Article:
I quickly picked my fishing vest pockets full of plantain—selecting only the small, inner, perfect leaves—for the greens and when I broke through the dense forest of the island to the other shore I walked directly into a large patch of arrowhead. No better vegetable exists if my palate is the authority.
One hurdle in gathering arrowhead is finding the potato-like tubers in the mud and water from which they grow. Here I was fortunate. The plants were about 1 1/2 feet of water and the layer of mud underneath was thin.
Borrowing a method from the Indian squaws old, I took my shoes and socks off and waded into the patch barefoot. It was great fun squishing around in the cool mud for the tubers with both hands and both feet. I could feel the tubers in the mud and I tried to pull them loose without disturbing any plants. Even though this particular arrowhead patch was the very thin-leafed variety with small tube I harvested enough for a meal in a very short time
A point or two of interest about this plant: A general rule, the larger the arrowhead the larger tuber growing underneath. Not all plants of family have arrowhead shaped leaves, either. The leaves are elliptical on some varieties and tongue-like on others and such plants have very small tubers.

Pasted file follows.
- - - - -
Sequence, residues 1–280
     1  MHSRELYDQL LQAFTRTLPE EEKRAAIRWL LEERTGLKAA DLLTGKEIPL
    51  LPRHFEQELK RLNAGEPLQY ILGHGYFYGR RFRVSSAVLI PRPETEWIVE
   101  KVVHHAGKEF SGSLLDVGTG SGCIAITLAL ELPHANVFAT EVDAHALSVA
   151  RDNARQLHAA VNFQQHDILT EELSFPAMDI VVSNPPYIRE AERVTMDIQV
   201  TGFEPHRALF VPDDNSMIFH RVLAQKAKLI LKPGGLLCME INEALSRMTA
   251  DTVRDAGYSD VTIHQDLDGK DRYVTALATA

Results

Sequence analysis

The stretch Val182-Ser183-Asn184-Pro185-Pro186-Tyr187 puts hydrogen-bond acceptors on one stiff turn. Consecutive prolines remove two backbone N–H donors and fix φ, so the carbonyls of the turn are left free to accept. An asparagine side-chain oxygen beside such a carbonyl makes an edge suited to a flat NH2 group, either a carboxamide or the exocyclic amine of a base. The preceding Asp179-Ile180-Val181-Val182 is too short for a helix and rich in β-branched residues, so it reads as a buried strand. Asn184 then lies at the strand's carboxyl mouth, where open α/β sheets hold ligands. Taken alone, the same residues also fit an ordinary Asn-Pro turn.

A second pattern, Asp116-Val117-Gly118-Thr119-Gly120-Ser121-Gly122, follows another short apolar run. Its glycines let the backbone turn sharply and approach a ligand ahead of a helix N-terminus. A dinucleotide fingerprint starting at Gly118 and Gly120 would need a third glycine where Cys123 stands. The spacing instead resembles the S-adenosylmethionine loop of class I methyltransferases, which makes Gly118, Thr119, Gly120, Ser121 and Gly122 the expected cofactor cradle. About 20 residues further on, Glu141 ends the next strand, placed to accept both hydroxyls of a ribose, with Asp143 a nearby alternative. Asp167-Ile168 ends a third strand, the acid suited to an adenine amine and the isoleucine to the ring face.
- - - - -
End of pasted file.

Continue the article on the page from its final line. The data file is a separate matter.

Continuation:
When I returned to camp the ladies had blueberries and raspberries crushed together and sprinkled with sugar. If we had been home or had an oven available, my wife would have made blueberry pie to the following specifications.
To four cups fresh berries add 2/3 cup sugar, four tablespoons flour, two teaspoons quick cooking tapioca, 1 1/2 tablespoons lemon juice, 1/2 teaspoon cinnamon. Stir gently until well blended. Pour in pie crust, "dot" or distribute one tablespoon butter over blended berries. Let stand for 15 minutes. Cover with top crust and bake in 450 degree oven for ten minutes. Reduce heat to 350 degrees and bake until crust is golden . . . about 40 minutes total baking time. This same recipe will make raspberry pie with the sugar increased to one cup.
Jim, the invincible fisherman, had caught a dandy lake trout on a Flashing Spoon. I had the vegetables and the girls had found dessert. In less than an hour we had foraged a good meal from this heavily forested island in the remote wilds of Canada.
I turned my attention to the arrowhead tubers first, filled a four quart pan partly full of lake water and gave them a good scrubbing. I used my knife, then, to scrape away the purple and loose skin. When this was done I washed the nodules thoroughly, covered them with water and sat the pan on the coals of the campfire. After it had boiled five minutes I drained this water and added a second. This was to eliminate the slightly sharp, bitter taste common to arrowhead. The pan went back on the coals to boil another two minutes, salt and pepper was added and—finally—the tubers were boiled three minutes more.